March 28, 2017

Brown Opening Statement at Hearing on Economic Growth

WASHINGTON, D.C. — U.S. Sen. Sherrod Brown (D-OH) – ranking member of the U.S. Senate Committee on Banking, Housing, and Urban Affairs – released the following opening statement at today’s hearing entitled, “Fostering Economic Growth: The Role of Financial Companies.” 

Brown’s remarks, as prepared for delivery, follow.

Senator Sherrod Brown - Opening Statement
Hearing: "Fostering Economic Growth: The Role of Financial Companies" 
March 28, 2017

Thank you, Chairman Crapo for holding this hearing.  I appreciate the process you have put in place for the Committee to discuss economic growth.  I hope that with the Committee’s call for proposals we’ll be able to put some new ideas on the table that will gain broad, bipartisan support.

Rolling back Wall Street reform clearly does not fit the bill.  Our financial system is more stable because of Wall Street reform. Banks are better able to handle losses and consumers are better protected from the types of predatory loans that led to the crisis.

But too many Americans still haven’t recovered from the 2008 financial crisis, when 9 million workers lost their jobs, 5 million homeowners were foreclosed upon, and people lost trillions of dollars from their retirement savings.

This crisis came on top of economic policies that, since the 1970s, have shrunk the middle class.

Minority communities, particularly African-Americans, were hit even harder by the crisis, and have had difficulty rebuilding wealth, buying homes, saving for retirement, and re-entering the labor force.

I understand why so many Americans are angry.  Nearly a decade after the financial crisis, the wealthy have pocketed almost all of the gains, but wages for most Americans have been stagnant.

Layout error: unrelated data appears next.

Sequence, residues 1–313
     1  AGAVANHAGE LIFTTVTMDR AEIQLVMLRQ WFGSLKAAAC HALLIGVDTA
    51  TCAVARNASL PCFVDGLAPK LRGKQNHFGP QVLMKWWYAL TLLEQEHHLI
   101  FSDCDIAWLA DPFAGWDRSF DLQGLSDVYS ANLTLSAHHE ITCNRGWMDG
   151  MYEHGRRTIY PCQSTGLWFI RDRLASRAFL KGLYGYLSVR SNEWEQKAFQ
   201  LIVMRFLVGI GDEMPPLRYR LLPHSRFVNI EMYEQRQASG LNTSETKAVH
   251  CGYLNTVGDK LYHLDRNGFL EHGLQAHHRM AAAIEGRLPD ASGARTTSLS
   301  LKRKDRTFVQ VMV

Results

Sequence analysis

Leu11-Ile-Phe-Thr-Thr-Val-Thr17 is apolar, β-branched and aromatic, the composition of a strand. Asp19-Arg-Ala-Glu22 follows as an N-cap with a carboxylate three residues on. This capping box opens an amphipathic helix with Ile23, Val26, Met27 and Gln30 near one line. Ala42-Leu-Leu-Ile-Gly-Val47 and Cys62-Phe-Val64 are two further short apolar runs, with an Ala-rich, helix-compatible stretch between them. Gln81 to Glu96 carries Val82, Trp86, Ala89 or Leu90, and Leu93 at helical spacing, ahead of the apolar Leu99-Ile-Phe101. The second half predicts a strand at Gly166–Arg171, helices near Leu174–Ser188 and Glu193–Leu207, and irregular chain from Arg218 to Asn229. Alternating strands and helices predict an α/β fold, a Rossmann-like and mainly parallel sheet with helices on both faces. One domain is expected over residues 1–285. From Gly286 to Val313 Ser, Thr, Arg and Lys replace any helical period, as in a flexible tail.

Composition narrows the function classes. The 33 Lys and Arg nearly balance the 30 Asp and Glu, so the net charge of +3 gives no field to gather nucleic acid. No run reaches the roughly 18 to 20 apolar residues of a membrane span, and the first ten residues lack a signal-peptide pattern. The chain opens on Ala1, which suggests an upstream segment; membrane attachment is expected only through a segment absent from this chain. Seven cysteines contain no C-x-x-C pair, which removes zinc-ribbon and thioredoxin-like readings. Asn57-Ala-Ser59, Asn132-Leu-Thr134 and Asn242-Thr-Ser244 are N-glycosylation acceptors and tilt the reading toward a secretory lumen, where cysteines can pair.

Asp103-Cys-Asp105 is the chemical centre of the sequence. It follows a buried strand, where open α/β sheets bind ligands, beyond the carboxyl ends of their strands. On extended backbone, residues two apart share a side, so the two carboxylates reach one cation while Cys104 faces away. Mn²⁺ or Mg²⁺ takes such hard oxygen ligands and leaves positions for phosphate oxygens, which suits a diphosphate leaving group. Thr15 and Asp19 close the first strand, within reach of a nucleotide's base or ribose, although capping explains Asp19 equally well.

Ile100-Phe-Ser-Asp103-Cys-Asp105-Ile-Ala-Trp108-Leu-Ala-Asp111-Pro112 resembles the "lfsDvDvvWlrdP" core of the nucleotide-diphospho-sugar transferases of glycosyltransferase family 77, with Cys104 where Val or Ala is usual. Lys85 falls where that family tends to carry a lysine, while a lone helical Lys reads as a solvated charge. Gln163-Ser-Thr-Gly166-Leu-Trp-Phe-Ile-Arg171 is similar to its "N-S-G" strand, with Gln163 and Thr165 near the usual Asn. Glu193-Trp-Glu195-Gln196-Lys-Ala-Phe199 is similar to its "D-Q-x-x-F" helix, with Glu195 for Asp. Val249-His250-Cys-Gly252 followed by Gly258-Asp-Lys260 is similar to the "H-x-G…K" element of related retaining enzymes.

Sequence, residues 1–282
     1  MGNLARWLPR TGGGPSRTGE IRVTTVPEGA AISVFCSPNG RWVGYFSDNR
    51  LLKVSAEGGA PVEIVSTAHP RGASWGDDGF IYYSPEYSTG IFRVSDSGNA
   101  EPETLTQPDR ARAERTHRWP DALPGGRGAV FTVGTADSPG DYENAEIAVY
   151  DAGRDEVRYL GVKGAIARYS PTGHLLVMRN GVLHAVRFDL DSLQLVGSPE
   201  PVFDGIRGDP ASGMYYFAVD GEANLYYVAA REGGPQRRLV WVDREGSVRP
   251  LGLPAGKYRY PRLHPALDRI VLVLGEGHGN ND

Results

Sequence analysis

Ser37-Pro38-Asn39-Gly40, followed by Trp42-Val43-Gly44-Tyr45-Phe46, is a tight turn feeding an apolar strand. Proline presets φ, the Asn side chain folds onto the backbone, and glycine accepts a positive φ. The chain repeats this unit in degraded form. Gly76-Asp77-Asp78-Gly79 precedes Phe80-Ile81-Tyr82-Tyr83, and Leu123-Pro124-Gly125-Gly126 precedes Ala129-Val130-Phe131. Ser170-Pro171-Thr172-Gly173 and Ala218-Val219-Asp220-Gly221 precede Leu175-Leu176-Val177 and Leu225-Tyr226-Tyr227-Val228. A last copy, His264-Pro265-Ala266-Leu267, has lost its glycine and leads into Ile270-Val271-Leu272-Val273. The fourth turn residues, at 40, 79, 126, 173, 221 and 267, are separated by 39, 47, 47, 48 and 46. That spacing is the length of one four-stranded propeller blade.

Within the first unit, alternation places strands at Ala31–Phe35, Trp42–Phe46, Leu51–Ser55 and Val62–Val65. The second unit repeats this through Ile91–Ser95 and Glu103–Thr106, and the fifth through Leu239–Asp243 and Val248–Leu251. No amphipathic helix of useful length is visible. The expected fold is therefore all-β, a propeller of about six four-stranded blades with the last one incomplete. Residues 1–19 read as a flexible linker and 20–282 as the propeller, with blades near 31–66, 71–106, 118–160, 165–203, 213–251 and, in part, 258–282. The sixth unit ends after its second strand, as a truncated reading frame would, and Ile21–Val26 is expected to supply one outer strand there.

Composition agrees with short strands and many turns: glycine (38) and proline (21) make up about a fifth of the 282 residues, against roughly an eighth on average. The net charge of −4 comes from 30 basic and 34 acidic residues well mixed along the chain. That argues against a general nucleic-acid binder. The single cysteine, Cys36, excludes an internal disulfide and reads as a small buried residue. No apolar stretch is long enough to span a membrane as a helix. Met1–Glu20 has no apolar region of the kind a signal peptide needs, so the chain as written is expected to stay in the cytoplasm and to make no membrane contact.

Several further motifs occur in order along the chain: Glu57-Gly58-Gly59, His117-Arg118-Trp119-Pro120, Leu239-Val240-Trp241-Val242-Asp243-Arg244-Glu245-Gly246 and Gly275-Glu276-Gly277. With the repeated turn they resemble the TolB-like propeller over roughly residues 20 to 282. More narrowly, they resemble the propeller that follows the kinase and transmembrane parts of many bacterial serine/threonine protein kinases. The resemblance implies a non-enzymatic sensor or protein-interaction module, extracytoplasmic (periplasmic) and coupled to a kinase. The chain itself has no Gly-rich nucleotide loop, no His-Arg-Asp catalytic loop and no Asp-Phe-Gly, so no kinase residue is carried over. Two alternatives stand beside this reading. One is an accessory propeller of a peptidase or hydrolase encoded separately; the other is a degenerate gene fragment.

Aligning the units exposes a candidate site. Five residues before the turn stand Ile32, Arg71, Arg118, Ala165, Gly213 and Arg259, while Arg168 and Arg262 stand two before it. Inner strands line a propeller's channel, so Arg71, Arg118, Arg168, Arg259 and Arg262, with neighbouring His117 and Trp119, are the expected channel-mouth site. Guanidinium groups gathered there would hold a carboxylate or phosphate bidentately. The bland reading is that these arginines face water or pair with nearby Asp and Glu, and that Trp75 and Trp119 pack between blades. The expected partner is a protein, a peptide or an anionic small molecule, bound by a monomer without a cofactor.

Wall Street is once again making record profits, and many indicators—like stock prices, business lending, and consumer lending—are at pre-crisis levels or higher. 

Wages of Wall Street employees have increased 70 percent since the 1980s, when they were comparable to the wages of those in other industries.

During the same period, good manufacturing jobs disappeared as a result of trade policies that favored investors over workers. 

Even within the financial sector, the gains haven’t been felt evenly. Bank workers at the low end of the pay scale saw their real wages decline from 2007-2013.  One third of bank tellers working for banks are on government assistance; and the CEOs of the top 5 banks make 470 times the annual salary of the median front-line bank worker.

Hard work simply isn’t paying off the way it used to. And that’s true for all workers, across industries and income levels. Whether you punch a time sheet or make a salary or earn tips, whether you’re a contract worker or a temp. Whether you work in a call center on a factory floor or in a bank.

One of the best ways that financial services companies can help economic growth is to pay their workers a living wage and provide decent benefits.  It should come as no great shock that demand for housing and other goods and services is tepid – too many Americans are struggling to make ends meet.

The response from the Administration is not encouraging.  It has been stocked with Wall Street executives who “want to do a number” on the law that holds their former firms accountable.

Its budget would eliminate much of the federal efforts to promote economic development opportunities in communities, both rural and urban, across the country.  And so far, there is no sign of the promised $1 trillion infrastructure program.

If Americans don’t have reliable housing or transit systems to get to work, or even access to meals, how can we expect to have a healthy and productive workforce and a growing economy? 

Financial companies have an important role to play in our economy, to the extent that they support the rest of the economy.

But finance is a means to an end, not an end in itself.  Trading paper among a few large financial companies or making the wealthiest 1% of Americans even wealthier does not grow our economy. 

Earlier this year in Columbus, I outlined a broad plan to restore the value of work in America in four key ways:

-        Raise wages and benefits;

-        Give workers more power in the workplace;

-        Make it easier for more workers to save and employers to make matching contributions for retirement—something Senator Crapo and I have worked on together in the Finance Committee; and

-        Encourage companies to invest in their workforce. 

When we talk about economic growth, we need to talk about policies that help Americans’ pocketbooks, their savings, and their job security. 

Thank you, Mr. Chairman.